PHOENIX – Jessica Gade frequently traveled around the world and spent time outdoors, but when reality limited her to just two places in 2020 – her Tempe home and her oncologist’s office – it gave her the push she needed to pursue her dreams now.
“I just keep going back to that day,” said Gade, a physical therapist at HonorHealth. “I was crying in the oncologist office almost a year ago not knowing what kind of cancer. I didn’t know if I was going to die or not. It was one of the most terrifying experiences for me.”
It was that nerve-wracking experience that jolted her to tackle one daunting challenge: the Rebelle Rally.
The event is an eight-day all-women’s rally traversing over 1,200 through California and Nevada in an off-road stock vehicle, without a GPS or cell phone.
The vehicles are not race cars. Instead, they are everyday cars, like 4x4s, trucks, jeeps or SUVs. A qualifying rule is that all vehicles must be street legal with minor modifications allowed, and teams must maintain posted speeds.
During the rally, 50 teams will search for hidden colored checkpoints along the route. They must find the green checkpoints marked on the map, which are the easiest. The smaller blue flags are harder because they’re unmarked. The black flags are the hardest because they are not marked on the map or on the course.
In its sixth year, the 2021 rally is scheduled for Oct. 7-16. Participants won’t know the actual course until the day before.
“My goal is to get all the blue and green checkpoints every day,” Gade said. “I want to at least finish that, even if we don’t get to the black checkpoints. If you don’t get to those you lose points.”
Although there is an award for the teams who find the most checkpoints, it’s not considered a race – rather a rally based on precision, “the elements of headings, hidden checkpoints, and distance using maps, compass, and a roadbook.”
More than the race itself, founder Emily Miller said women who have done this rally leave with much more.
“We hear this a lot. If I can do the Rebelle, I can do anything,” Miller said. “I want them to walk away and believe that.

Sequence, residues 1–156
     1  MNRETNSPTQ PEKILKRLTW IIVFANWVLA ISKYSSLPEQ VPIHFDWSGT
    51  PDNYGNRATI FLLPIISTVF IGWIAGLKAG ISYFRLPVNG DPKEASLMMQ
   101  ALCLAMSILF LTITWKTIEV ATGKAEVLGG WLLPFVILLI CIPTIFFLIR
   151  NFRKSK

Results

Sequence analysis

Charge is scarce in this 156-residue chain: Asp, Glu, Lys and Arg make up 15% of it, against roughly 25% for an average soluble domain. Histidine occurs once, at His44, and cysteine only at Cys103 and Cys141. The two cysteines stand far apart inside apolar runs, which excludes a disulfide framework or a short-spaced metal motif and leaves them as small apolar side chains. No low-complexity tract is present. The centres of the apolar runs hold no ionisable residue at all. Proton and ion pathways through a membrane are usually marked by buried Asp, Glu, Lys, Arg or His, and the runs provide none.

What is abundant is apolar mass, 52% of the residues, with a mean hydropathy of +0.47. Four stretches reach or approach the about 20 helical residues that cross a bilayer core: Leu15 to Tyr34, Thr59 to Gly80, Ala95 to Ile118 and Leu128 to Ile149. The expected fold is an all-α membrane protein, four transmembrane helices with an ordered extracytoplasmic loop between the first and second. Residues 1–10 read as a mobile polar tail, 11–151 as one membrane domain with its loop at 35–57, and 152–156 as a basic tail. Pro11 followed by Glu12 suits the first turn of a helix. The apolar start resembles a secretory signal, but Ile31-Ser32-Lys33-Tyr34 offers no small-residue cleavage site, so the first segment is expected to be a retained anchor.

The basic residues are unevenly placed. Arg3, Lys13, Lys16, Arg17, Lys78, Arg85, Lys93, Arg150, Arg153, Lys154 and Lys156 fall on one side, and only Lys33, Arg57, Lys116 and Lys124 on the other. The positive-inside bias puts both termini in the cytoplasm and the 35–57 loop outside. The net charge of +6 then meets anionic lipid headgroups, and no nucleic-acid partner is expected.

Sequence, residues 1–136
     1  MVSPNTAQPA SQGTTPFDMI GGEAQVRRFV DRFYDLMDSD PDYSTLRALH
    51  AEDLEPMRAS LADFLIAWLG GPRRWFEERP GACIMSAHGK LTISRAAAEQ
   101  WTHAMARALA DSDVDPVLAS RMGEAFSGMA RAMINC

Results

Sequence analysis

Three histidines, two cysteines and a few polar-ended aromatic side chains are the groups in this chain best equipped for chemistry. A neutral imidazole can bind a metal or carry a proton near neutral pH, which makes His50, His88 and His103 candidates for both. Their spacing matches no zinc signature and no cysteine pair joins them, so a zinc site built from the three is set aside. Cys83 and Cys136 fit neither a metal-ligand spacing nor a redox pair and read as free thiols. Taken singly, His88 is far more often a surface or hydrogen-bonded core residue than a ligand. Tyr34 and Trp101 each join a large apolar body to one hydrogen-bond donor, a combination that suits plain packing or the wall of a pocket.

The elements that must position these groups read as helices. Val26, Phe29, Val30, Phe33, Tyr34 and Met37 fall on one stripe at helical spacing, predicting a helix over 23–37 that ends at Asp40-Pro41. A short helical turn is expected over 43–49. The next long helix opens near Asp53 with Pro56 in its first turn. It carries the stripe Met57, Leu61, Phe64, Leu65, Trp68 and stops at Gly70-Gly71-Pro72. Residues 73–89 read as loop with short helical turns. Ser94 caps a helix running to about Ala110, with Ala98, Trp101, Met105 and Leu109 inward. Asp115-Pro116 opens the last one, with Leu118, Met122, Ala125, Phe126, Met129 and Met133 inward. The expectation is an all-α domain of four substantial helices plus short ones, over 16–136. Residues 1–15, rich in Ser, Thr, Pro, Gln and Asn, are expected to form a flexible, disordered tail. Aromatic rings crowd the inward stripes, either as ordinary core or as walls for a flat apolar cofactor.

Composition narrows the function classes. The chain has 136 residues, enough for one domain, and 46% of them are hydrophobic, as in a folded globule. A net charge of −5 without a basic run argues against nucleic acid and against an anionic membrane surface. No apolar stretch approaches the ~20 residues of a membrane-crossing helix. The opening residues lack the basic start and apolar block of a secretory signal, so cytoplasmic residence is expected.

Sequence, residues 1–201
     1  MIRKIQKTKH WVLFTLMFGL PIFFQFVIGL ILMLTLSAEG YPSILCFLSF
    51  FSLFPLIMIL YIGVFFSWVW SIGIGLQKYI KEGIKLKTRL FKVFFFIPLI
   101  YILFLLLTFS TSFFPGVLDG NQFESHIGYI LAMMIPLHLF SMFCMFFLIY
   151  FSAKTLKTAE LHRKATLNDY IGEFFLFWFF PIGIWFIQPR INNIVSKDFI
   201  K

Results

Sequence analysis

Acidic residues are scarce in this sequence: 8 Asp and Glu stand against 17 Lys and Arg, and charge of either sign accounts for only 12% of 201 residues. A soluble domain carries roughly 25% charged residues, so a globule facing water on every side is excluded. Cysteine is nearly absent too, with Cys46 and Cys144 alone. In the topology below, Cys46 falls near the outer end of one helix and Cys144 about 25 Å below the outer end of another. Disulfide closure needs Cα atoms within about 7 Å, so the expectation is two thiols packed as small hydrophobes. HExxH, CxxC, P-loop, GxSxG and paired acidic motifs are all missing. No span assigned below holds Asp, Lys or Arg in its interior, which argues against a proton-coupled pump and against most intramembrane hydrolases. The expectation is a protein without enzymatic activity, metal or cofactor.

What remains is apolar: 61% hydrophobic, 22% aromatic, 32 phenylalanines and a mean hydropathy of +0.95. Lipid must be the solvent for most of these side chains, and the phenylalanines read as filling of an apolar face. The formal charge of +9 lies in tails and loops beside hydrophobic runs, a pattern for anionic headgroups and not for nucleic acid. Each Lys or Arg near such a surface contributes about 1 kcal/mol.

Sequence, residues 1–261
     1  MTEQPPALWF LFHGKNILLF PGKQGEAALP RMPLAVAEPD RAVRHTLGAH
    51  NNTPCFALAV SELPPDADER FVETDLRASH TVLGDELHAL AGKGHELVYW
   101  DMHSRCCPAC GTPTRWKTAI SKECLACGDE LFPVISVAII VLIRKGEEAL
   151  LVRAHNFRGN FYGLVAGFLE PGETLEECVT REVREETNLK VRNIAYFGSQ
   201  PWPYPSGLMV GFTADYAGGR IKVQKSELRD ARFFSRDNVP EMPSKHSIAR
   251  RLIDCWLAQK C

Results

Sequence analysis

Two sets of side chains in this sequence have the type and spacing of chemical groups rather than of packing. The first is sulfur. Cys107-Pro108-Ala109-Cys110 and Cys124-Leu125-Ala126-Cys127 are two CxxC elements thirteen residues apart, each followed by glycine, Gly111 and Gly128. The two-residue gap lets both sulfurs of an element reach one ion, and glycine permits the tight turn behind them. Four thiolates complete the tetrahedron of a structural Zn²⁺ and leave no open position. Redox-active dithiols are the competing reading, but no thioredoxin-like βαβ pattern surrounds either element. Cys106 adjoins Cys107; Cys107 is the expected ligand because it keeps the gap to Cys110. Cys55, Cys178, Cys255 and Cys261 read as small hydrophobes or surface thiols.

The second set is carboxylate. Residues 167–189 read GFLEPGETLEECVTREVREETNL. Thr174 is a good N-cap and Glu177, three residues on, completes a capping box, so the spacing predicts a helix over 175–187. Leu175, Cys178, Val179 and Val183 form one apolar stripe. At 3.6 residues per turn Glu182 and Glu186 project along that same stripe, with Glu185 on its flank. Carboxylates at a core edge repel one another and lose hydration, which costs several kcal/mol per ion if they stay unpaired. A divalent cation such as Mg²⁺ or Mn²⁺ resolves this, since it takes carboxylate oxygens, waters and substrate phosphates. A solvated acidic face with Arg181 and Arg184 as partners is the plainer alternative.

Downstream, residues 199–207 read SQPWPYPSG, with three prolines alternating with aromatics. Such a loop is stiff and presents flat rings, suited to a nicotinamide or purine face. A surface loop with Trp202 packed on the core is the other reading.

“I also want women to define failure differently. You’re going to fail in the Rebelle every day.”
Gade has competed in women’s-only events before and draws inspiration from them. She said it’s a safe place for women to prove they can do things that men can do, which can be empowering.
That type of strength and courage was what Gade needed to get through her cancer diagnosis in 2020.
Gade, a fairly active individual with no family history of cancer, was shocked to learn she had Hodgkin’s lymphoma. Although she had a four-month lingering cough, doctors thought it was a viral infection. Even after multiple blood work and tests for infection, they all came back negative.
As time passed, she started having difficulty breathing and chest pain that prevented her from doing light activities.
“I just kept knowing like something wasn’t right,” she said. “When you’re into any kind of athletics, you know immediately when something isn’t right, and I just knew.”
In early 2020, a biopsy confirmed she had Hodgkin’s lymphoma, and in just two months the tumor tripled in size.
It is a cancer of the lymphatic system, which contributes to immune system health. The cells in the lymphatic system grow at an abnormal rate and can spread to other areas of the body.
Hodgkin’s lymphoma has four stages. Stage II is when the cancer is in two lymph node regions or the cancer has invaded one organ and the nearby lymph nodes. But the cancer is still limited to a section of the body either above or below the diaphragm.
“Mine was still above the diaphragm,” Gade said. “I just had my main tumor like at my sternum, which is why I was choking. It was pressing on my trachea, my heart, and my lungs.”
From May to October 2020, Gade completed rounds of chemotherapy. In November, she completed radiation.
She described chemotherapy as a scary and lonely time, especially with a backdrop of the coronavirus pandemic.